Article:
All 3 of our sources reported using a force plate to obtain kinetic data, although it is unclear if or how any of these training programs impacted vertical ground reaction force (vGRF).24 An inverse relationship between vGRF and knee-flexion angle during landing tasks has previously been identified.7 Future research should include vGRF as an outcome measure, because high vGRF during landings may increase the risk of ACL injury.7

References

  • 1.

    Hewett TEMyer GDFord KRPaterno MVQuatman CE. Mechanisms, prediction, and prevention of ACL injuries: cut risk with three sharpened and validated tools. J Orthop Res. 2016;34(11):18431855. doi:10.1002/jor.23414

    • Crossref
    • PubMed
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    • Export Citation
  • 2.

    Brown TNPalmieri-Smith RMMcLean SG. Comparative adaptations of lower limb biomechanics during unilateral and bilateral landings after different neuromuscular-based ACL injury prevention protocols. J Strength Cond Res. 2014;28(10):28592871. doi:10.1519/JSC.0000000000000472

    • Crossref
    • PubMed
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    • Export Citation
  • 3.

    Myer GDFord KRMcLean SGHewett TE. The effects of plyometric versus dynamic stabilization and balance training on lower extremity biomechanics. Am J Sports Med. 2006;34(3):445455. PubMed ID: 16282579 doi:10.1177/0363546505281241

    • Crossref
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    • Export Citation
  • 4.

    Pfile KRHart JMHerman DCHertel JKerrigan CIngersoll CD. Different exercise training interventions and drop-landing biomechanics in high school female athletes. J Athl Train. 2013;48(4):450462. PubMed ID: 23768121 doi:10.4085/1062-6050-48.4.06

    • Crossref
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  • 5.

    Phillips BBall CSackett Det al. Oxford Centre for Evidence-Based Medicine—Levels of Evidence (March 2009). Centre for Evidence-Based Medicine. 2009. http://www.cebm.net/oxford-centre-evidence-based-medicine-levels-evidence-march-2009/. Accessed October 24 2016.

    • Search Google Scholar
    • Export Citation
  • 6.

    Mandelbaum BRSilvers HJWatanabe DSet al. Effectiveness of a neuromuscular and proprioceptive training program in preventing the incidence of anterior cruciate ligament injuries in female athletes: 2-year follow-up. Am J Sports Med. 2005;33(7):10031010. doi:10.1177/0363546504272261

    • Crossref
    • PubMed
    • Search Google Scholar
    • Export Citation
  • 7.

    Devita PSkelly WA. Effect of landing stiffness on joint kinetics and energetics in the lower extremity. Med Sci Sports Exerc. 1992;24(1):108115. PubMed ID: 1548984 doi:10.1249/00005768-199201000-00018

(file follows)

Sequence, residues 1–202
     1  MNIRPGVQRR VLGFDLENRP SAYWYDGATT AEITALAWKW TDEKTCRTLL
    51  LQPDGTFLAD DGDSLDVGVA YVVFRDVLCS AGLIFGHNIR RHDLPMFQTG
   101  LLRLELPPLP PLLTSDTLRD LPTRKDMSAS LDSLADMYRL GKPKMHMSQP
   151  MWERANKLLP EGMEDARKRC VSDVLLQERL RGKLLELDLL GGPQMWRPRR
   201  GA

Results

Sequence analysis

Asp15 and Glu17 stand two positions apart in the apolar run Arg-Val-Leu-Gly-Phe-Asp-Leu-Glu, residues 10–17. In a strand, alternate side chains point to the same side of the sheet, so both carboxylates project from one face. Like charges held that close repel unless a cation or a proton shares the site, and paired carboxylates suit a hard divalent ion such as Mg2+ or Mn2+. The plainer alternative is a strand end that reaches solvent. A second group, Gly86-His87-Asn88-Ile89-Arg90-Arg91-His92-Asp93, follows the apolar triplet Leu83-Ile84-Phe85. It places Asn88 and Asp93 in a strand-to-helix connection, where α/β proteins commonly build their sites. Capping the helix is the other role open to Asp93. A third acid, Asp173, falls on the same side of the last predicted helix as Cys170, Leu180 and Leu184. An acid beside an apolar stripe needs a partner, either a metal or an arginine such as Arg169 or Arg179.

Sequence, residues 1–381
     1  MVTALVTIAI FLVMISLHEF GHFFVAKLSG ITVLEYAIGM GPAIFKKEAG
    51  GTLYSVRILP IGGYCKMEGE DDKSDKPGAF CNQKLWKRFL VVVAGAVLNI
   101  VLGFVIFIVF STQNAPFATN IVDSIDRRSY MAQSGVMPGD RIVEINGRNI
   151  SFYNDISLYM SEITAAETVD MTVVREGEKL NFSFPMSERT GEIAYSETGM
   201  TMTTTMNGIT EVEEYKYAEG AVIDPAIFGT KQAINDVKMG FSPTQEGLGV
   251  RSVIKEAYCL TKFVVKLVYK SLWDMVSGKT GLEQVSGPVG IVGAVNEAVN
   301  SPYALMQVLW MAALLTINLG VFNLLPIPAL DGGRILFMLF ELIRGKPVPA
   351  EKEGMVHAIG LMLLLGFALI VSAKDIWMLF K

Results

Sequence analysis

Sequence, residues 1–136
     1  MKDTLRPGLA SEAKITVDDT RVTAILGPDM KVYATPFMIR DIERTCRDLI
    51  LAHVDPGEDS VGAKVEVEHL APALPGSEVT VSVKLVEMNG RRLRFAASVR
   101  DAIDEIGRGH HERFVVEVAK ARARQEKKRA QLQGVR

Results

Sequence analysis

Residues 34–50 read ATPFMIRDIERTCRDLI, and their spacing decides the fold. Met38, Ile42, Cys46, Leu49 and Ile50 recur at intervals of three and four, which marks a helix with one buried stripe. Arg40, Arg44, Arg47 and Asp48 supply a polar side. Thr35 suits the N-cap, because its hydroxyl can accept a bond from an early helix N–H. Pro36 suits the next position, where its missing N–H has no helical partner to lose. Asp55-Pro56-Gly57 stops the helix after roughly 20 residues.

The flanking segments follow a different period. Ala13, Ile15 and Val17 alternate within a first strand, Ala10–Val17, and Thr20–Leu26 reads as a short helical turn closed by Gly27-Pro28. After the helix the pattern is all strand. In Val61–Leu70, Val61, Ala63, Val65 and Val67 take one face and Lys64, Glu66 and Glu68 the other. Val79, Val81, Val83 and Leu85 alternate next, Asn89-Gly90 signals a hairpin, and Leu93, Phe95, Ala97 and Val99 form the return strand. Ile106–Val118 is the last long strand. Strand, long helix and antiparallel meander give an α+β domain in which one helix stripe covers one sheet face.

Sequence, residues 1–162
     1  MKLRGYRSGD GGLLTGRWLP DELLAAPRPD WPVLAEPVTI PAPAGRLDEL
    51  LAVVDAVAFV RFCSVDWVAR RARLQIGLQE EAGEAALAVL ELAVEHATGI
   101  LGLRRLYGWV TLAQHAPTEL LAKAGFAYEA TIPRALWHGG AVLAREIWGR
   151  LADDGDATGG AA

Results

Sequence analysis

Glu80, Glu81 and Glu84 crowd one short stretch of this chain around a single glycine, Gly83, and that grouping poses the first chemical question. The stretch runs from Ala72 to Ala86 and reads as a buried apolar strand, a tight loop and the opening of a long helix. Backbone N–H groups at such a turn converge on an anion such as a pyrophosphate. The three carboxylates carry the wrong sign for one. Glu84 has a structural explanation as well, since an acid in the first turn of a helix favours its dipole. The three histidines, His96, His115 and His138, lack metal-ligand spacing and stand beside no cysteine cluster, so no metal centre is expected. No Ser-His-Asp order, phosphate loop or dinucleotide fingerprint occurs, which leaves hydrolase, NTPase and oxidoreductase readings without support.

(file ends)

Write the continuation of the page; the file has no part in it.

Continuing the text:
• Crossref
    • PubMed
    • Search Google Scholar
    • Export Citation

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Willadsen, Zahn, and Durall are with the Doctor of Physical Therapy Program, University of Wisconsin-La Crosse, La Crosse, WI, USA. Durall is also with the Physical Therapy Unit, Student Health Center, University of Wisconsin-La Crosse, La Crosse, WI, USA.

Willadsen (willadse.erica@uwlax.edu) is corresponding author.
Journal of Sport Rehabilitation
Article Sections
References
  • 1.

    Hewett TEMyer GDFord KRPaterno MVQuatman CE. Mechanisms, prediction, and prevention of ACL injuries: cut risk with three sharpened and validated tools. J Orthop Res. 2016;34(11):18431855. doi:10.1002/jor.23414

    • Crossref
    • PubMed
    • Search Google Scholar
    • Export Citation
  • 2.

    Brown TNPalmieri-Smith RMMcLean SG. Comparative adaptations of lower limb biomechanics during unilateral and bilateral landings after different neuromuscular-based ACL injury prevention protocols. J Strength Cond Res. 2014;28(10):28592871. doi:10.1519/JSC.0000000000000472

    • Crossref
    • PubMed
    • Search Google Scholar
    • Export Citation
  • 3.

    Myer GDFord KRMcLean SGHewett TE. The effects of plyometric versus dynamic stabilization and balance training on lower extremity biomechanics. Am J Sports Med. 2006;34(3):445455. PubMed ID: 16282579 doi:10.1177/0363546505281241

    • Crossref
    • PubMed
    • Search Google Scholar
    • Export Citation
  • 4.

    Pfile KRHart JMHerman DCHertel JKerrigan CIngersoll CD. Different exercise training interventions and drop-landing biomechanics in high school female athletes. J Athl Train. 2013;48(4):450462. PubMed ID: 23768121 doi:10.4085/1062-6050-48.4.06

    • Crossref
    • PubMed
    • Search Google Scholar
    • Export Citation
  • 5.

    Phillips BBall CSackett Det al. Oxford Centre for Evidence-Based Medicine—Levels of Evidence (March 2009). Centre for Evidence-Based Medicine. 2009. http://www.cebm.net/oxford-centre-evidence-based-medicine-levels-evidence-march-2009/. Accessed October 24 2016.

    • Search Google Scholar
    • Export Citation
  • 6.

    Mandelbaum BRSilvers HJWatanabe DSet al. Effectiveness of a neuromuscular and proprioceptive training program in preventing the incidence of anterior cruciate ligament injuries in female athletes: 2-year follow-up. Am J Sports Med. 2005;33(7):10031010. doi:10.1177/0363546504272261

    • Crossref
    • PubMed
    • Search Google Scholar
    • Export Citation
  • 7.

    Devita PSkelly WA. Effect of landing stiffness on joint kinetics and energetics in the lower extremity. Med Sci Sports Exerc. 1992;24(1):108115. PubMed ID: 1548984 doi:10.1249/00005768-199201000-00018

    • Crossref
    • PubMed
    • Search Google Scholar
    • Export Citation